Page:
Capital Gazette wins special Pulitzer Prize citation for coverage of newsroom shooting that killed five

Williamson could be out 10 weeks Bone chip found in throwing elbow


Orioles reliever Mark Williamson has suffered a setback in his recovery from inflammation in his throwing elbow and might not return to the team for 10 weeks.

Manager Johnny Oates said before last night's game that a bone chip had been discovered in Williamson's right elbow during a doctor's examination here.

Williamson said he hopes to be examined by Dr. James Andrews, a noted sports physician who practices in Birmingham, Ala., in the next few days.

Williamson said Andrews would evaluate whether he would need arthroscopic surgery.

"It's something that you don't want to get if you don't have to," said Williamson. "We'll get a second opinion and see what happens."

Oates said Orioles team physician Charles E. Silberstein recommended the surgery and said Williamson could be out for four to 10 weeks.

"The best scenario would be four weeks, but from the tone of his voice . . . he led me to think 10 weeks," said Oates.

"If everything is perfect, I might be throwing in a month and pitching in two months, provided they go in and don't find something wrong in the joint," said Williamson, 32.

Williamson said Silberstein discovered no structural damage in the elbow and found that, though there was more than one bone chip, only one seemed to be causing the difficulty.

Williamson, used mostly in long relief, made two appearances this season, giving up one run and four hits, before he was placed on the 15-day disabled list April 16, complaining of inflammation in his elbow.

Oates said Williamson, who went on the disabled list last August with a muscle strain in his left side, had experienced some discomfort during spring training but continued to pitch.

While he's been disabled, Williamson had been playing catch and had felt some discomfort.

"It's frustrating to not pitch, then throw off a mound, and, four hours later, my elbow doesn't move," said Williamson.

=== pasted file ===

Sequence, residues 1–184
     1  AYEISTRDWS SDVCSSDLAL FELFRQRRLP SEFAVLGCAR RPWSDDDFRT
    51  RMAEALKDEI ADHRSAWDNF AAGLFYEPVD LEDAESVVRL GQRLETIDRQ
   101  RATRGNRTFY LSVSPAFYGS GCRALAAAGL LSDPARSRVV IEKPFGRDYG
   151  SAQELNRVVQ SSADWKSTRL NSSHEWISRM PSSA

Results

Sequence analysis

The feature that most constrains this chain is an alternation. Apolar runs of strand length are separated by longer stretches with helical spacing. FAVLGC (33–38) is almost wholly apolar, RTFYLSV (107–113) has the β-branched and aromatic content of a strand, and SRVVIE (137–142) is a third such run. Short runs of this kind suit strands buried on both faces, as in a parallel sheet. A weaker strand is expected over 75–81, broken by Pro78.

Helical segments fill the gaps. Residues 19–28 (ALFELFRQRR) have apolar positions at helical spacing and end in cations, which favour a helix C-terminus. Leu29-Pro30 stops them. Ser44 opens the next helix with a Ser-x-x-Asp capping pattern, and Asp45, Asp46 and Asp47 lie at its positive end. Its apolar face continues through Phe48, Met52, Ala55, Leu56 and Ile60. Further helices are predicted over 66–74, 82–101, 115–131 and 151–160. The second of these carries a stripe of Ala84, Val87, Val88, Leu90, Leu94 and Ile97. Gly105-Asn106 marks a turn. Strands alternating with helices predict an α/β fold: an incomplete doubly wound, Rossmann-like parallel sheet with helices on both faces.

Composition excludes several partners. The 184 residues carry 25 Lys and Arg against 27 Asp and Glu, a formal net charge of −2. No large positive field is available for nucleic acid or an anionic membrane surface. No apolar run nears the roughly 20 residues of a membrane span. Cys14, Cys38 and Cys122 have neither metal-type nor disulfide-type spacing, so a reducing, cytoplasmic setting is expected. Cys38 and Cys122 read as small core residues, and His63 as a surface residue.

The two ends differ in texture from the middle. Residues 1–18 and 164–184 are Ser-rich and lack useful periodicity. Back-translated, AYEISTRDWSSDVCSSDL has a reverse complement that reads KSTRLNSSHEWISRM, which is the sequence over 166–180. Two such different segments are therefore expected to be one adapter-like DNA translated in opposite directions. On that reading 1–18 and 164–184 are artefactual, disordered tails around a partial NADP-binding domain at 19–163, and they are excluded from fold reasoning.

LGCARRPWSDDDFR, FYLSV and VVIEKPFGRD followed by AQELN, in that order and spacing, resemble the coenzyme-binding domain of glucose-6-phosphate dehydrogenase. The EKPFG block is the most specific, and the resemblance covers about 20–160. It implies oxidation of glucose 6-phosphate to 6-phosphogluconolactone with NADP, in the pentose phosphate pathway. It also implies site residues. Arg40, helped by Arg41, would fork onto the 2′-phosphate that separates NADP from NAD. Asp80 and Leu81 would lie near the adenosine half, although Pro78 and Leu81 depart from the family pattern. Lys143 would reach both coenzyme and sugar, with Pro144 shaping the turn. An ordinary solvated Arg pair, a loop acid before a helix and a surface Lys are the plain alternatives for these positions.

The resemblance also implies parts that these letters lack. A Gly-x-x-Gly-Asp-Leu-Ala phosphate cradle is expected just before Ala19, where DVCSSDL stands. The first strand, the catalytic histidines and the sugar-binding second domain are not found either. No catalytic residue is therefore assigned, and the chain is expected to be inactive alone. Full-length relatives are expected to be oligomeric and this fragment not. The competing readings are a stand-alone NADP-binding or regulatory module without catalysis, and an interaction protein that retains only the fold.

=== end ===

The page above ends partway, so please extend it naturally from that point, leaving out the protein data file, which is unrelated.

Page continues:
"When he stopped throwing, the inflammation went down, but when he started throwing again, it would come back. But they didn't find the chip until the inflammation went down," said Oates.

"He's relieved to know that there's a reason for him to hurt. And so am I."

The Orioles bullpen has performed well, but has been depleted by the departures of Williamson and left-hander Jim Poole, who went on the disabled list before Opening Day with tendinitis in his throwing shoulder.

However, the long relief duties have been handled by Alan Mills, who was called up to take Williamson's slot on the roster from Triple-A Rochester.

Mills, who was acquired from the New York Yankees in spring training for pitcher Francisco de la Rosa, is 2-0 with a 0.66 ERA in three appearances.

"That's what depth is all about. Give our front-office people a lot of credit for making that deal," said Oates.

"With Poole being disabled, if we lost both those guys, we'd be hurting. That spring training deal didn't look like much at the time, did it?

"I feel kind of bad. I was here through the whole homestand and the one day I wasn't here, we lost. Maybe I jinxed the team," said Williamson.

Copyright © 2019, The Baltimore Sun, a Baltimore Sun Media Group publication | Place an Ad